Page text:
In this recent piece on former millionaire Wolfgang Beltracchis, an expert painter who also used to be a professional painting forger (until he got caught and sent to prison), an interesting but latent question was raised about the role of authenticity and the significance of authorship today. Namely, in what way does authenticity exist today, and how do we value something with relation to what we perceive to be it’s origins?
Beltracchis’ paintings have fake German labels, they lab test paint pigments to test for hues that were available at the times the original artists were painting, and took staged archival photos on pre-war photo paper of the paintings hanging in an old house. He and his wife even tour old flea markets to find canvases from the early 1900-1910 canvases on which to paint. He was good. He didn’t copy actual paintings, he would paint a painting a given painter, say Max Ernst, would paint if they had the time and the interest to do so. His paintings went for millions and he traveled the globe in style when he wasn’t in his vacation homes (vineyard included) in Germany or France. In short he was a singularly gifted painter, and an even greater vacationer.
“… And no one disputes that they are awfully good. Beautiful. This $7 million dollar fake Max Ernst is being shipped back to New York. Its owner decided to keep it even after it had been exposed as a fake. He said it’s one of the best Max Ernsts he’s ever seen.” (emphasis mine)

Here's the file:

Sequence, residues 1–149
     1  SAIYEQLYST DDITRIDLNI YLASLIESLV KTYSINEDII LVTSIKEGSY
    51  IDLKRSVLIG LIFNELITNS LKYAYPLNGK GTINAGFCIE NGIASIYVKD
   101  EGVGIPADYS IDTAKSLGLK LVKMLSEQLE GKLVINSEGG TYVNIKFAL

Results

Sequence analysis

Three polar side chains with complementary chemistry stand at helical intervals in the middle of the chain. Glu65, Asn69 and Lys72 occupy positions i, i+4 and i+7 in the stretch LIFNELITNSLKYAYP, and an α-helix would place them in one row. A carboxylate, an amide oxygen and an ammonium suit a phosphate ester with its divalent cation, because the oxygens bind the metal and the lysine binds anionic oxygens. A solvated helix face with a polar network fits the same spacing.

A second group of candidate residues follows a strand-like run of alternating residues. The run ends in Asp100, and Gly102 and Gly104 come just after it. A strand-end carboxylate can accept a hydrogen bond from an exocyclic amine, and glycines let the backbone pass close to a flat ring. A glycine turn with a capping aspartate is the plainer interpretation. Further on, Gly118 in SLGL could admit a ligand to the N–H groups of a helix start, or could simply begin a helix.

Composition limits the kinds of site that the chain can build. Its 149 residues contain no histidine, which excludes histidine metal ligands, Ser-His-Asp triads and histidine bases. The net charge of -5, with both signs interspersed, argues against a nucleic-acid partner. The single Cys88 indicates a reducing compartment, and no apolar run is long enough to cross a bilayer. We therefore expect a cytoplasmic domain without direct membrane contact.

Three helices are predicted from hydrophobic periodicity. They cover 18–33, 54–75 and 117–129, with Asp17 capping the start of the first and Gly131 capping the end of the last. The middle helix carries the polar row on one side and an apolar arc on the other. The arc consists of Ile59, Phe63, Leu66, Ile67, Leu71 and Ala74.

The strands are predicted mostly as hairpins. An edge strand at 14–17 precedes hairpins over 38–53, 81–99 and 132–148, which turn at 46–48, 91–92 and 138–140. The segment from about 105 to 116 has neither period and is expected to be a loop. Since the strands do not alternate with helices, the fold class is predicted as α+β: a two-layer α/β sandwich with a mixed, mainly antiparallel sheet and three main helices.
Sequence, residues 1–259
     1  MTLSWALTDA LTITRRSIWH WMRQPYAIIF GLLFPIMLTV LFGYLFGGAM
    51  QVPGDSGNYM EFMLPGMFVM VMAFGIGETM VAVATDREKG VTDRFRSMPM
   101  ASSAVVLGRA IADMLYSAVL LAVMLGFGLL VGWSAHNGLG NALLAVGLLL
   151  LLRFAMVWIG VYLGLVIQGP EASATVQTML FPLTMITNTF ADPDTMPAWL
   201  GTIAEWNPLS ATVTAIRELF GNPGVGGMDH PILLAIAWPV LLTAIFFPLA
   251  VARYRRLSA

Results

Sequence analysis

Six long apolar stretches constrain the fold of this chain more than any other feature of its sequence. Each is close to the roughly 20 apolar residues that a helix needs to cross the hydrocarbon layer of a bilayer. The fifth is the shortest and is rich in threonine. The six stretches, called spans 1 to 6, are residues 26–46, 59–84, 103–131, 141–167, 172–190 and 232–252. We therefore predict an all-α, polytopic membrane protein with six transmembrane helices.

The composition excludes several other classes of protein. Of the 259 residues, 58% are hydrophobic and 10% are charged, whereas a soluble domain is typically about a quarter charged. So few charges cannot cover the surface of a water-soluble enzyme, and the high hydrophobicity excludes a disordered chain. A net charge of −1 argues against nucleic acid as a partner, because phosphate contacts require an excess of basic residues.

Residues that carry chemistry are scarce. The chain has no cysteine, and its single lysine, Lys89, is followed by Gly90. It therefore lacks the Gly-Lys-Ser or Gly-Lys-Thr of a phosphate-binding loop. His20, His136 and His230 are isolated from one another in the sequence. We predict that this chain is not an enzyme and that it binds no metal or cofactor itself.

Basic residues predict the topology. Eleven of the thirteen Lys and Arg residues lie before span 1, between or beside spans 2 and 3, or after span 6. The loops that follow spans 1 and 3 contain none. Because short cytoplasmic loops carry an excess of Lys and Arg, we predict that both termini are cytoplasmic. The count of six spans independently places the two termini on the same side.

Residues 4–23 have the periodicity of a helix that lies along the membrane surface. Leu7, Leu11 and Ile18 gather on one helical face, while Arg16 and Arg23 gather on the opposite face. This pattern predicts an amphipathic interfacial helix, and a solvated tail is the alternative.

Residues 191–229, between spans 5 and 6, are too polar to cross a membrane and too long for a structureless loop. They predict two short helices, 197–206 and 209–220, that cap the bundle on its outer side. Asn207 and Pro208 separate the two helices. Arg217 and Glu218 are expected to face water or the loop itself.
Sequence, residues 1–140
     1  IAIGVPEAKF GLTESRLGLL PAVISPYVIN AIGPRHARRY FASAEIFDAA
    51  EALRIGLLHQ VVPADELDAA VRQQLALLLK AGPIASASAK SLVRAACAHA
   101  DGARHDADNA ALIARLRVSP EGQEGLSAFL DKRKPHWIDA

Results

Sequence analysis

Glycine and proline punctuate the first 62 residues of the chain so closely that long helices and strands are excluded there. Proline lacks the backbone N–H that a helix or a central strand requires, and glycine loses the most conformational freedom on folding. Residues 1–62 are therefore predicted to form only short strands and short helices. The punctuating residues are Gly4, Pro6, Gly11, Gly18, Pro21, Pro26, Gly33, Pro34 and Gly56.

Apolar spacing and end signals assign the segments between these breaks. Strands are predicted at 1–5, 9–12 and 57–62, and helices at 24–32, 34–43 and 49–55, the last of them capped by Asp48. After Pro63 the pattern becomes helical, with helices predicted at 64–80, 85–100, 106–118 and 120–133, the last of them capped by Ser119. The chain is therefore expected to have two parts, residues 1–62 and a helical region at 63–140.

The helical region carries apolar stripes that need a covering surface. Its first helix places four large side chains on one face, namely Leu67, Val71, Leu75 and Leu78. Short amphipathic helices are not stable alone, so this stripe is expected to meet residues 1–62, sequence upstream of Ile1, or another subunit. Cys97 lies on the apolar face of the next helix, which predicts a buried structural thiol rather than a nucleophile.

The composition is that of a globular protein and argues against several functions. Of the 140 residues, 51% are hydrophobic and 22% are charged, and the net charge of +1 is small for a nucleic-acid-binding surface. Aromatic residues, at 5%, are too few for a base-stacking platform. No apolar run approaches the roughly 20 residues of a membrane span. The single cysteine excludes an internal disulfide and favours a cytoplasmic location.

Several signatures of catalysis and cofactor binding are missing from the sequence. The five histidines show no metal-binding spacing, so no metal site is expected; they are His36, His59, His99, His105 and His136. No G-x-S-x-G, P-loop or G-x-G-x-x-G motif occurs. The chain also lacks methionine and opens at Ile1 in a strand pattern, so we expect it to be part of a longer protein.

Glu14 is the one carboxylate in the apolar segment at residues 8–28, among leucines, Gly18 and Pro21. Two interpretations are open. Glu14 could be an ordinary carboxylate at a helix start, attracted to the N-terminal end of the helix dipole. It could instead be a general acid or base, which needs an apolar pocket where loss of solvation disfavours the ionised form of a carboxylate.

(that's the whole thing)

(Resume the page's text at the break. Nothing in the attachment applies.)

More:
Potential Max Ernst by Beltracchis
Can you forge a piece of architecture like you can forge a painting? If the distinction between architecture and art is that the former has a use, function, or program, can any piece of architecture ever truly be a copy? Do we care if something was created by an individual genius, or by a group of people? (Disabusion Alert: All architecture in the US today is an outgrowth collaboration.) No we care if it is good, useful, or beautiful.
Since we don’t have the ability to disguise a work of architecture behind the guise of an individual it is in a way less prone to the forgeries mentioned in the article above. But architecture is more public than any form of art, and has the most public subject. So in a way it is more prone to copies being made than artwork.
So why do you think the buildings you live and work in look or work the way they do? What is the “titanium white” that distinguishes it from the “authentic” work that came before? And the most interesting question of them all – is it better with the titanium white than without it?